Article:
“As Gregor Samsa awoke one morning from a troubled dream, he found himself transformed in his bed into a monstrous insect.” In one of the most famous opening lines in literature, Franz Kafka gives birth to a startling hallucinogenic premise. And Arthur Pita’s very clever dance drama produces something of a similar jolt in its precision and strangeness.
Simon Daw’s sparely elegant set presents the two halves of the Samsa household – on one side Gregor’s clinical white bedroom, looking like the “before” picture in a German Expressionist film of an insane asylum; on the other, the Samsas’ kitchen, an American 1950s white-on-white Happy Housewife extravaganza of clean lines, well-designed china and Waring blenders.
Mrs Samsa (the beautifully febrile Nina Goldman) and her ineffectual, out-of-work husband (a sympathetically louche Neil Reynolds) go through their daily routine: Gregor sets off for work, Grete, his sister, goes to school and hopes to become a dancer, they come home, eat supper, go to bed and begin again. Pita’s efficient and slick repetition of the departure, three times in a row, gives us Kafka’s sense of powerless futility, while Guy Hoare’s evocative lighting shades reality into phantasmagoria.
Dance is not particularly good at narrative, but it is wonderful at metaphor, and so Kafka’s extended fantasia of insectified life develops fluidly. The entire evening is predicated on the bizarre physical skills of Royal Ballet dancer Edward Watson, and his hyper-extended limbs, his extraordinarily flexible back and his virtually prehensile toes (which seem to have many more joints than most people’s) allow him to bend and twist into a series of contortions that display on his body Gregor’s alienation of mind.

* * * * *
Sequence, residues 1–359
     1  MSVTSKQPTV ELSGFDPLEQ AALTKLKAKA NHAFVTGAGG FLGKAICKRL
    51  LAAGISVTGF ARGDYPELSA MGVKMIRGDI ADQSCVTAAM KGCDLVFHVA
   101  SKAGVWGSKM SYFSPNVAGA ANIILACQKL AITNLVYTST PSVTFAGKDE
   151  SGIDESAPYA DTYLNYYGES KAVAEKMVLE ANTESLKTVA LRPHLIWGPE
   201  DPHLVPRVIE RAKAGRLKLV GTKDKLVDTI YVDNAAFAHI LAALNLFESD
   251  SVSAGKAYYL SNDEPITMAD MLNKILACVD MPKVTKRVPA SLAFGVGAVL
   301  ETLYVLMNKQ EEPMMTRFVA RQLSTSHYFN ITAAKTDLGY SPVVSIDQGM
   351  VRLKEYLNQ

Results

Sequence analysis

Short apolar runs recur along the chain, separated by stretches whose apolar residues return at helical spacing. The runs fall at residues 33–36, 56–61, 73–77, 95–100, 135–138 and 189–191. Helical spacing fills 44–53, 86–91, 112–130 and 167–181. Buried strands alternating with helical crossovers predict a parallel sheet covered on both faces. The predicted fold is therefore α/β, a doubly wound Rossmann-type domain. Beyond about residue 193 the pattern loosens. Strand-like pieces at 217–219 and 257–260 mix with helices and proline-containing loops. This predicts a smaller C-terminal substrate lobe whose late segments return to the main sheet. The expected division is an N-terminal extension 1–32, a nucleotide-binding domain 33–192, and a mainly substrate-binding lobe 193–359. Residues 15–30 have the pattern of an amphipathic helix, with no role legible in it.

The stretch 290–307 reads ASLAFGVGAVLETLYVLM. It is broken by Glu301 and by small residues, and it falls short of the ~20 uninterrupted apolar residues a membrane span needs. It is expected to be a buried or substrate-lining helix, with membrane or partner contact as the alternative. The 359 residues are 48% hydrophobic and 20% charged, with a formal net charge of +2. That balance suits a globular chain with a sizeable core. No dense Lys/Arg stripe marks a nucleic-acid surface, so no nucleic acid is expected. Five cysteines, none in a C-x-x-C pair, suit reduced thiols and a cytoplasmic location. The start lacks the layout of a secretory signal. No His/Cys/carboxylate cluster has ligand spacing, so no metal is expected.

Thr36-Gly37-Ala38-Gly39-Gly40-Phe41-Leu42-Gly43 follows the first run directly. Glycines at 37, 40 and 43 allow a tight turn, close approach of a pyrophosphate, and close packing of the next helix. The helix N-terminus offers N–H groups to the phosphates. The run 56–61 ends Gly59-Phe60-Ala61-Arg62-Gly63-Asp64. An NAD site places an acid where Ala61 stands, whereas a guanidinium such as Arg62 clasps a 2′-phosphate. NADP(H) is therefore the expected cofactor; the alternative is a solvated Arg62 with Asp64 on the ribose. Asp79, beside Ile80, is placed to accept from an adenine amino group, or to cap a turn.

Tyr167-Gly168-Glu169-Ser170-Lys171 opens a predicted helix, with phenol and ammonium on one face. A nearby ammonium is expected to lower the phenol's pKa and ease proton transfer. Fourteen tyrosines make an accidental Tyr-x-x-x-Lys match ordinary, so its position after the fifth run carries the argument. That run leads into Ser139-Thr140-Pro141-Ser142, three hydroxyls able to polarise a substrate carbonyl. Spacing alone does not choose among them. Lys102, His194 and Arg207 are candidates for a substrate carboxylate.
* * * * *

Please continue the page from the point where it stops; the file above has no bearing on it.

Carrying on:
The insect seeps a black oil, which soon smears itself across the floor and walls, extended further by the incursion of a dream sequence involving three invading oiled black figures who besmirch Gregor further. The stains soon spread across the dividing line that separates Gregor’s room from the rest of the household, a symbol of the spreading poison of a vermin-infested house.
Grete (splendidly naively danced by Laura Day) is initially sympathetic to her much-loved brother, bringing him rotting food to eat and attempting helplessly to reach through his new carapace. While dance specializes in expressing relationships, family interaction has rarely been treated apart from the odd unpleasant fairytale stepmother, or the sympathetic or overbearing father. Gregor’s two pas de deux, with his sister and his fainting, panicking mother, are particularly touching, through his contorted body expressing straightforward expressions of gentle love and anxiety.
I do, however, have one major reservation. The lodgers that the family are forced to take in once Gregor’s salary is no longer forthcoming are, in Kafka’s story, “bearded”. They are not, however, in any other way marked out as any ethnicity or religion. In Pita’s rendition, they are very obviously orthodox Jews (klezmer music plays, in case we miss the point). Is there any particular reason for bringing in this sort of heavy stereotyping? Given Kafka’s own background, mistakenly referenced by Pita as Czech-language, despite Kafka’s origins as a German-speaking Jewish writer in what was then the Austro-Hungarian Empire, and the fate of his family – two of his sisters died in the Łódź ghetto, the third in Auschwitz – I found myself deeply offended.